Panasonic Shows off New Assistive Robotic Exoskeletons

In a video released today, Panasonic has given us an idea of what our robot-assisted future may be like. The video showed off three different kinds of their Assist Robot technology, all of them robotic exoskeletons, but each possessing its own unique design for use in different types of task.

The first design on show is one for industrial use, sporting a rather striking purple and green colour scheme. This assistive suit’s main functionality is to aid industrial and factory workers who do a lot of heavy lifting and carrying, providing extra support for the wearer’s lower back, reducing strain by as much as 33 pounds. Next up is the leaner PLN-1, which has a more catchy moniker of “Ninja”, focusing on aiding the motions of walking and running. One of the main functions of this suit on show was to make hiking and climbing up steep trails far easier. Using sensors on the feet and motors on the back, it allows the wearer to walk more naturally on difficult terrain. Future versions of the Ninja aim to include an upper body component too, to assist in carrying.

Lastly, looking like it just fell out of Aliens is the Power Loader. While perhaps not built with the purpose of combating xenomorphs, the power loader is built for construction and disaster relief. Panasonic aims to decrease the unit’s massive weight before it is released, but there already plans for mass production. Another design under development with Panasonic include beds and wheelchairs to aid in nursing.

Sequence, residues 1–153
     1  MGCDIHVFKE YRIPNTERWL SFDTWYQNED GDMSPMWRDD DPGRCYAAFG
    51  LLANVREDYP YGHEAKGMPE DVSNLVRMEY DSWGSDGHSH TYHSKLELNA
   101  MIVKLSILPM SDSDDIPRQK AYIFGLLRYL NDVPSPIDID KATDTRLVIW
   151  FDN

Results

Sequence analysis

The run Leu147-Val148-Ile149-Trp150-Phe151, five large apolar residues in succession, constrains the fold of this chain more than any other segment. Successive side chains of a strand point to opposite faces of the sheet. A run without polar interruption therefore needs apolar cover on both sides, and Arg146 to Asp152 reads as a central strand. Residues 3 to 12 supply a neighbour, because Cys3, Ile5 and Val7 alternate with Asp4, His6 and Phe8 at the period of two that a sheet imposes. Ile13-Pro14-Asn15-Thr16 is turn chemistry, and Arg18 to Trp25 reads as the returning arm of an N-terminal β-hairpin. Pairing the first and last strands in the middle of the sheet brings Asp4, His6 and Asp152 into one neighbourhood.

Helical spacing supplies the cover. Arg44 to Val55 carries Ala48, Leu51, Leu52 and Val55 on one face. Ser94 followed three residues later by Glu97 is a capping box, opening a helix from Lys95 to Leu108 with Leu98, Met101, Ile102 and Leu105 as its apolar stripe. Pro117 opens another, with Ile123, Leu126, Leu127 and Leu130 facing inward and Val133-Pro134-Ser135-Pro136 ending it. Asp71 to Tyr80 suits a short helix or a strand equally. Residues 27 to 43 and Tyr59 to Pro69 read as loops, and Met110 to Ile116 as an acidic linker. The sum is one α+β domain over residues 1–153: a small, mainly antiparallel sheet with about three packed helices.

The time when these systems will be ubiquitous is still a long way off, but if they are already as impressive as those Panasonic have on show, it could be sooner than we think.

Exoskeleton And Electricity Help Man Walk Again

Exoskeletons have long been a thing of fiction, with movies like Aliens showing us large mechs that could move crates and giant aliens with ease, but in recent years people have seen the technology become realistic and helpful, such as homemade exo’s making lifting weights easy or even the army developing exo’s to improve shooting. Now with a little help from electricity they could soon be developing something close to a miracle, letting people walk again.

Mark Pollok was paralyzed from the waist down in 2010, with no control of his lower body he began testing out Ekso Bionics Exoskeleton. While an exoskeleton could give people back control of their body they have displayed even greater results by using a process known as “transcutaneous spinal cord stimulation”. This means that by attaching electrodes to Mark’s skin they were able to send jolts of electric to his spine.
All communication in the body is electric charges and by using this process they were able to see results. During the experiment, Mark was able to regain some control over his legs, to the point where he could raise and flex his knees.

Combining these two processes they were able to give Mark some ability to walk again, he was even able to sweat (something that he has been unable to do since the accident in 2010).

Technology can do many things, but sometimes it’s giving people the chance to do what we call simple that makes it amazing.

Thank you Washington Post for the information.

Image courtesy of the Guardian and Mark Pollok.

US Army Developing Robotic Exoskeletons?

Whenever I hear a new piece of tech which is being developed with the aim of blurring the lines of real life and science fiction, I am curious, but it’s then sometimes followed by a groan when you realize it’s for the purposes of war, destruction and general super power posturing. A new Robotic Exoskeleton is being developed by yes the US army to assist in the training of soldiers and their shooting accuracy.